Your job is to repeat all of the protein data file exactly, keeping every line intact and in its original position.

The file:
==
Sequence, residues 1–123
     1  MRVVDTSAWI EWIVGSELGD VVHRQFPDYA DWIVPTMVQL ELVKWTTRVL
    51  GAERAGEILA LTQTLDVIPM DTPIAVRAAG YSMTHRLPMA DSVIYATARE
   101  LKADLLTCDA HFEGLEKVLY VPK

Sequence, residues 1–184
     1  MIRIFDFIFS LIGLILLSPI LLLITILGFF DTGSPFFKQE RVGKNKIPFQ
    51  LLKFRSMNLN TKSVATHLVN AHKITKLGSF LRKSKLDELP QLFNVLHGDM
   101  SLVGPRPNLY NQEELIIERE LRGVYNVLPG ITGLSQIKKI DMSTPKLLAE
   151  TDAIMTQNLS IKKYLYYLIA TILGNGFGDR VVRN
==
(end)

Sequence, residues 1–123
     1  MRVVDTSAWI EWIVGSELGD VVHRQFPDYA DWIVPTMVQL ELVKWTTRVL
    51  GAERAGEILA LTQTLDVIPM DTPIAVRAAG YSMTHRLPMA DSVIYATARE
   101  LKADLLTCDA HFEGLEKVLY VPK

Sequence, residues 1–184
     1  MIRIFDFIFS LIGLILLSPI LLLITILGFF DTGSPFFKQE RVGKNKIPFQ
    51  LLKFRSMNLN TKSVATHLVN AHKITKLGSF LRKSKLDELP QLFNVLHGDM
   101  SLVGPRPNLY NQEELIIERE LRGVYNVLPG ITGLSQIKKI DMSTPKLLAE
   151  TDAIMTQNLS IKKYLYYLIA TILGNGFGDR VVRN